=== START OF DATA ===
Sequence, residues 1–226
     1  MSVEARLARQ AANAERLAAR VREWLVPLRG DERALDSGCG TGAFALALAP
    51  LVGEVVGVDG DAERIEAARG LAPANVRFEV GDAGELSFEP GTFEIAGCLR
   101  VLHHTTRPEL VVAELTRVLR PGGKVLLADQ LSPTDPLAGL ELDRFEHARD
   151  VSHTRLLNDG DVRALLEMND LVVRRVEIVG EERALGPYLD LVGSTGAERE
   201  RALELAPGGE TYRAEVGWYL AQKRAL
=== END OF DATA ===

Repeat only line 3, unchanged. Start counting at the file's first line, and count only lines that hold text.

    51  LVGEVVGVDG DAERIEAARG LAPANVRFEV GDAGELSFEP GTFEIAGCLR